In the business of building an organization, the only constant is change. Nonprofit start-ups and post-start-ups are quintessential works in progress. They are constantly questioning, tweaking, revising, revisioning, and reinventing; if not, it may be the signal to close shop.
In her book Nonprofit Lifecycles, Stage-based Wisdom for Nonprofit Capacity, Susan Kenny Stevens succinctly identifies seven lifecycle stages of organizations: idea, start-up, growth, maturity, decline, turnaround, and terminal. Within each stage are numerous elements of growth, evolution, and change. Just moving from one stage to the next is not a guarantee of survival (let alone impact). And the trajectory is not always linear. So what does a healthy organization look like? How does one distinguish productive flux from uncontrolled frenzy? What follows is a summary of some of the adaptive changes that organizations make in the early stages of growth.
In this stage, there is an idea and a champion (or group of champions), but barely an organization. To move from idea to implementation, the innovators must be extremely nimble to avoid getting bogged down by organizational structure. Ideas are tested, feedback is integrated, and improvements are made; the model is improved and the circle of stakeholders is enlarged. The greatest organizational tasks at this stage are to become a learning organization and to figure out how to integrate the feedback and input of others. Holding onto and sharpening one’s vision and, at the same time, letting others own the idea and influence it, require maintaining a delicate balance. As a work in progress, the leadership must both maintain and communicate the vision clearly and be open to changes that would improve the idea and enable others to champion it.
In this stage, the entrepreneurs build scaffolding around the idea: They enlist volunteers or staff to implement the idea and a leadership team or board to drive it forward with funding and other resources. One of the challenges in this stage is to allow the innovative idea to become popular while continuing to cultivate and develop it. While the the entrepreneur is in this business to catalyze change, he or she needs to manage the tension between honing the idea, spreading it, and protecting it. The greatest organizational tasks at this stage are figuring out when to collaborate and how to play in a larger field. Here, the work in progress is to figure out how to advance the big vision as a small player.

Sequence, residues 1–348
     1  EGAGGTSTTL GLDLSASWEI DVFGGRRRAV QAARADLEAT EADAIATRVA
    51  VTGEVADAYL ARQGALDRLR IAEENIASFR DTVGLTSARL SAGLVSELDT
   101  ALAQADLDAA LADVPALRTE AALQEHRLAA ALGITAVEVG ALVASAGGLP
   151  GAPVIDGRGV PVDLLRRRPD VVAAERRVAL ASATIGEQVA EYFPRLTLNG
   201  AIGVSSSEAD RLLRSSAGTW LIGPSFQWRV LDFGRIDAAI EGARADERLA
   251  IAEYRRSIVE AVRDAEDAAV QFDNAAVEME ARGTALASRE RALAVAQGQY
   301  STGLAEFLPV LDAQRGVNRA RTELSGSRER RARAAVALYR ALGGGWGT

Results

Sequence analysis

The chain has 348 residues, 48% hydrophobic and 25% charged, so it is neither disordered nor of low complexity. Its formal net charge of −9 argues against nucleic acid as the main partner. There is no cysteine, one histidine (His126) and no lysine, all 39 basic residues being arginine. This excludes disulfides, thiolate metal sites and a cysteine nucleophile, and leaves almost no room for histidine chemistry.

In this stage, the organization must contemplate whether or not to grow and, if the decision is to grow, how to do so. Far too often, organizations presume that growth is inevitable, or that it is a response to external pressures. But some organizations should not continue to grow; they should be structured as time-limited interventions that inspire new approaches to doing business. Some organizations should merge or restructure to increase their effectiveness. Some organizations should stay small, serving their target population and meeting their intended need without significant growth. Some organizations should sunset if market demand for their product or funder support for their efforts is lacking.
Only a select few organizations must grow to realize their full potential. They understand that the same behaviors and strategies that were highly adaptive as a start-up may become counterproductive as the organization grows. The hallmark of a start-up — doing “a lot with a little,” attracting a team of talented generalists who work endless hours for little remuneration, populating the board with the founder’s friends, and investing the bulk of resources in program rather than infrastructure — no longer leads to success. Growth readiness requires infrastructure, stability, predictability, specialized functions, and a capacity to measure success.
Organizations should always be works in progress. And as they enter the growth stage, they may slow their frenetic pace in order to evaluate how their growth is changing the structure of the organization and its people.
In celebration of the tenth anniversary of Bikkruim: An Incubator for New Ideas, the nonprofit (in collaboration with five funders and Wellspring Consulting), commissioned a study to chart the growth trajectories of start-up and post-start-up organizations and to learn more about how these cycles of growth and change play out over time.1 Bikkurim not only sought to understand the trajectory of new organizations, but it also wanted to understand its own next life phase. We had successfully incubated dozens of organizations. We had witnessed a field spring up around us and join us in the task of sparking and shepherding innovation in the Jewish community. Although we had no external pressures to grow (neither funders nor the marketplace insisted on change), we felt restless; we wanted to explore new frontiers. In the coming months, we will launch a new initiative to help post-start-up organizations achieve growth readiness. Bikkurim, a twelve-year-old stable organization, will rock its own boat and set off on a new adventure because in organizational life, the only constant is change.
1 Copies of the study, ‘From First Fruits to Abundant Harvest: Maximizing the Potential of Innovative Jewish Start-Ups,’ can be downloaded at bikkurim.org.email print